Day one of the statewide teacher work stoppage was Thursday, February 22, 2018.
Public employees were hoping for a resolution after the second day, but an additional full week has passed with plans to continue the teacher work stoppage until they receive a five percent raise.
Teachers have been picketing since day one out in front of their schools, and thousands from across the state have been to the Capitol building to fight for increased wages and funding for PEIA.
The work stoppage started in response to a bill that gave teachers a two percent raise, and then an additional one percent each year for the following two years.
Union leaders said it was not enough.
They hoped the first two days of the work stoppage would invoke a response from the legislature, but unhappy with what they called “inaction,” the work stoppage continued into its first full week.
Superintendents have decided on a day-to-day basis whether to cancel school, with many counties holding special meetings throughout the week.
On Monday, Governor Justice toured the state, holding town hall meetings on the issue.
On Tuesday, he announced that he was inspired by the words of an Ohio County student and had reached an agreement with union officials. It looked like the end of the work stoppage was in sight.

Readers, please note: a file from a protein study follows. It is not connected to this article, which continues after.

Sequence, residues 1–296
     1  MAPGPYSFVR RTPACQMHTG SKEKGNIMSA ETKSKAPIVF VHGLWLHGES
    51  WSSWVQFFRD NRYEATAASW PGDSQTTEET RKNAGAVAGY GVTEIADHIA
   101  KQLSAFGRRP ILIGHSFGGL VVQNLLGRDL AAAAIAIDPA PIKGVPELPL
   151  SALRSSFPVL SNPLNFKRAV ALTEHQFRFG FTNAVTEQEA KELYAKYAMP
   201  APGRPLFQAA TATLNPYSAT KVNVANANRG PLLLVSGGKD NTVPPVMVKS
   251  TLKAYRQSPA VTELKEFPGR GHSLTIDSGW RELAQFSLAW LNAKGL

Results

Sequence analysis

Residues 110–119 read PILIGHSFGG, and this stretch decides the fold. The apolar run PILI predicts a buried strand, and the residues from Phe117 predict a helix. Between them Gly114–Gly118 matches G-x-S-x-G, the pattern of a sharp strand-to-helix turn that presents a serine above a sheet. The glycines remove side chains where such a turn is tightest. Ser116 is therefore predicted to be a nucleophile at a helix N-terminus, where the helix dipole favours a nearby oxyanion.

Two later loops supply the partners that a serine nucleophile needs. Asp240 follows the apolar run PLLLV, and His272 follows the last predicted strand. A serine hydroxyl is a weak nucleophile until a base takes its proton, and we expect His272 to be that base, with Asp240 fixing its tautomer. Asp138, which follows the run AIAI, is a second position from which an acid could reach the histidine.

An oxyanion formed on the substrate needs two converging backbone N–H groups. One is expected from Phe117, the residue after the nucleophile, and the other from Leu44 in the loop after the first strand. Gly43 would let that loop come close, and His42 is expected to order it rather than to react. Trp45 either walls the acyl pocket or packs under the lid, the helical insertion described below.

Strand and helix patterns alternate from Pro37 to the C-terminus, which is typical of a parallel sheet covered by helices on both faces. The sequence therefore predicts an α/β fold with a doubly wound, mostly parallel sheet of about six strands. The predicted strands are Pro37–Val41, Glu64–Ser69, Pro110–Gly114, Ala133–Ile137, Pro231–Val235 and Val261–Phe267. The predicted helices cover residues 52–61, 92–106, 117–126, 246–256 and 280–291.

Governor Justice promised a five percent raise for education employees and called for teachers to return to school on Thursday.
The House of Delegates passed a bill containing that five percent raise on Wednesday night, but teachers did not return to the classroom Thursday, frustrated with the Senate.
The work stoppage continued as the Senate reviewed the bill, and after passing an amendment that changed the raise to four percent, union leaders announced the work stoppage will continue into a second week.
The amended bill was rejected by the House and is currently in conference committee where three representatives from each chamber will work to come to a consensus.
The House and Senate reconvene Monday at 11:00 a.m..